Polycystic Ovarian Syndrome in a patient is a challenging problem that takes a certain amount of finesse on the physician's part to handle, especially in women who are trying to conceive. We began the interview with a discussion of the pathophysiology of this syndrome. I told Sasha that in my opinion, PCOS is not a very good name for this syndrome, that it is more a description of what the ovaries look like, because in reality it is an OVARIAN dysfunction. The real problem is that the ovaries are not processing the hormones correctly. This causes them to not ovulate and produce the female hormones correctly, and instead the hormone precursors are shifted to production of the male hormone testosterone. We don't know exactly what it is in the ovary that causes this dysfunction.
I addressed the issue of correctly diagnosing PCOS, based on clinical findings. There is not a specific test that can be done. The physician must draw a clinical picture and look at a variety of factors in order to make this diagnosis. It is also a diagnosis of exclusion, which means that other causes such as other hormonal disorders, tumors and genetic abnormalities, must be investigated and ruled out first. The real name for this disorder is "idiopathic hyperandrogenism", which means increased male hormone.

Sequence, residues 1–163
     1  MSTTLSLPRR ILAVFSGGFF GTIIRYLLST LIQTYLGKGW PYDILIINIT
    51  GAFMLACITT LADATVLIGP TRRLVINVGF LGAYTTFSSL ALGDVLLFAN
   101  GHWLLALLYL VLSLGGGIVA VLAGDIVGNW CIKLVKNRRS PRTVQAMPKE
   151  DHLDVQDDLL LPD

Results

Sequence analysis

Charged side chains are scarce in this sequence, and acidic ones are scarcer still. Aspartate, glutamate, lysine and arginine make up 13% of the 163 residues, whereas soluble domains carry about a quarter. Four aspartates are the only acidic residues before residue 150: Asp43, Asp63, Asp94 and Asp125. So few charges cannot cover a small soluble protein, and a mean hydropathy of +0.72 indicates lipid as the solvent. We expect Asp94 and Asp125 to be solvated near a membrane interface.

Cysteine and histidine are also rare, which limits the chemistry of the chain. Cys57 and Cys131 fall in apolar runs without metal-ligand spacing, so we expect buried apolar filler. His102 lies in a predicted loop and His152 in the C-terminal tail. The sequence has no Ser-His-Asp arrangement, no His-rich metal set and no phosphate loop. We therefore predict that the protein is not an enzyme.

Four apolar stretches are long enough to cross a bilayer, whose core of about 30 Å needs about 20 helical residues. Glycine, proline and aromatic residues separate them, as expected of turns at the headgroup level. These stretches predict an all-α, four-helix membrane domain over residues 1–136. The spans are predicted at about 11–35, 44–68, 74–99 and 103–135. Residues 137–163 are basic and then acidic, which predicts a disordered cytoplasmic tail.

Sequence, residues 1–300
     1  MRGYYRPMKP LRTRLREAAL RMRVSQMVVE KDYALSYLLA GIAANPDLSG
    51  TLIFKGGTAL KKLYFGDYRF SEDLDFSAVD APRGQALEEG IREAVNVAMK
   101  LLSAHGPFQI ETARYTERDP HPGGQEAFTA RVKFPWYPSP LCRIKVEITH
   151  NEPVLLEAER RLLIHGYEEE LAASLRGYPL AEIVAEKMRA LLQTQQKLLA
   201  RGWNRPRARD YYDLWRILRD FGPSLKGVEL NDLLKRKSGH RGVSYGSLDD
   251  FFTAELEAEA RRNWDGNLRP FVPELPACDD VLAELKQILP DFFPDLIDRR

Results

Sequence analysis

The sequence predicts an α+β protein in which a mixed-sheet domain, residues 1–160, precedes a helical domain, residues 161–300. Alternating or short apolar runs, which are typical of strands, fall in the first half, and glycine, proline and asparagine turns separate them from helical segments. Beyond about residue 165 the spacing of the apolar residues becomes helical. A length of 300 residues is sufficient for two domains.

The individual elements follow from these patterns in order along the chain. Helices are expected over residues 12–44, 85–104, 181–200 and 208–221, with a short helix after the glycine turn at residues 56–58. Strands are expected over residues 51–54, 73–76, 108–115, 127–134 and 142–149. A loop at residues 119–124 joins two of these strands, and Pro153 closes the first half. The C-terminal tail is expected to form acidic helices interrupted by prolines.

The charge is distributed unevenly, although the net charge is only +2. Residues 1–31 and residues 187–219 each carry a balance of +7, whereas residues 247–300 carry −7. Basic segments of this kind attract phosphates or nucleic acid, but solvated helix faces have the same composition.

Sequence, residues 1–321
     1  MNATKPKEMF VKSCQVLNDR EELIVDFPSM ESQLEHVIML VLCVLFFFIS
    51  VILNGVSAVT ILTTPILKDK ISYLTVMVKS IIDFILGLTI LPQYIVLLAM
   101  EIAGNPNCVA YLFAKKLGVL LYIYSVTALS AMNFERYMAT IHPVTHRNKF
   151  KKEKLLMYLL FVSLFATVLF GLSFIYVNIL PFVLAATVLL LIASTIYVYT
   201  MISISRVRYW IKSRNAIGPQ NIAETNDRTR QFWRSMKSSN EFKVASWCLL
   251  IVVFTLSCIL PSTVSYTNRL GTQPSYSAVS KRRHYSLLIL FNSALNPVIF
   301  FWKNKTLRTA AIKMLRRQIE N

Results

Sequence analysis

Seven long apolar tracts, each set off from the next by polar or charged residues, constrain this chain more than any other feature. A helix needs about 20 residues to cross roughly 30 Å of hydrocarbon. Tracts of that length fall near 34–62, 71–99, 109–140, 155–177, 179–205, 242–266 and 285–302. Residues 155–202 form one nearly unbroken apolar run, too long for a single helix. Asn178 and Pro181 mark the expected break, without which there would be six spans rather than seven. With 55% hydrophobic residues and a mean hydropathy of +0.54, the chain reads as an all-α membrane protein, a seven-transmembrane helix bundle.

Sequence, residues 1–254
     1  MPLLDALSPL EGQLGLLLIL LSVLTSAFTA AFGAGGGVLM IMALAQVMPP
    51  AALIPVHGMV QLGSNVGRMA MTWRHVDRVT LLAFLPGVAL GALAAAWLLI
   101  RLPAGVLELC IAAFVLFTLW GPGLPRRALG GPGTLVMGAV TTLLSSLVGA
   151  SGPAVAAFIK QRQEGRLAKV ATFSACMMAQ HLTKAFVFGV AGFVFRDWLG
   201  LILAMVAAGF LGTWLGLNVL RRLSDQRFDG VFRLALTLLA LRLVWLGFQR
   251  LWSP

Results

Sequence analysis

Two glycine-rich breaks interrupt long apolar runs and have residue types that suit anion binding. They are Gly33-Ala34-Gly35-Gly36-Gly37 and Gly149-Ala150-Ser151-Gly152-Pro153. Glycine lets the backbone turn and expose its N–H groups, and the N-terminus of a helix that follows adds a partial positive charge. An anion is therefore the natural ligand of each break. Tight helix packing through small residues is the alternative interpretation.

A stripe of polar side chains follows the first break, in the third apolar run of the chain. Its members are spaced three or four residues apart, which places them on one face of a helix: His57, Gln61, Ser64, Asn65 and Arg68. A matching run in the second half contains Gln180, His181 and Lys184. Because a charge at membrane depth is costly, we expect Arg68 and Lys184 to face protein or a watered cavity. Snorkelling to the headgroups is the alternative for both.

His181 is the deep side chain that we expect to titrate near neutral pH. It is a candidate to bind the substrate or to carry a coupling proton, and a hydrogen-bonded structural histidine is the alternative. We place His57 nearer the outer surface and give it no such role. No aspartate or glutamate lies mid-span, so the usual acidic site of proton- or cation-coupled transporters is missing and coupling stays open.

There are many types of women who fall into this PCOS category. In the past, the classic PCOS was a woman that was obese, had facial hair, thinning hairline and irregular menstrual cycles. Now we are finding more and more atypical women presenting with this syndrome, including patients that may be slim, for instance, and it is only when you look at their ovaries with the ultrasound, or see how they respond to ovarian stimulation, or look at their blood tests, that you find they are PCOS. There are even a few that have regular menstrual cycles, and are found to be PCOS when they hyperstimulate from injectable fertility drugs.
What are some of the key indicators? Well, visually, a patient might present with increased facial hair, acne, perhaps be overweight but not necessarily. Blood tests can be done to show an increase in insulin, glucose or testosterone. We can also observe, through ultrasound, how the ovaries look in their pre-ovulatory state where there are lots of small follicles. Also, in most cases, the patient will have irregular or infrequent menstrual cycles. Hormone testing will show a normal TSH, Prolactin, Estradiol, FSH and LH. In some patients there will be the characteristic elevation in LH/FSH ratio. That is the LH level will be significantly higher than the FSH level. In some, testosterone levels will be elevated, but most will be at the high end of normal. In the patients that do not have regular menstrual cycles, the mid luteal phase progesterone level will be decreased, with a level less than 10, indicating that ovulation did not occur. Because there is such deviation in presentations, in most cases only one or two of the criteria need to be present to make the diagnosis.
What happens after the diagnosis and what about insulin resistance? I will go into further detail in my next blog post!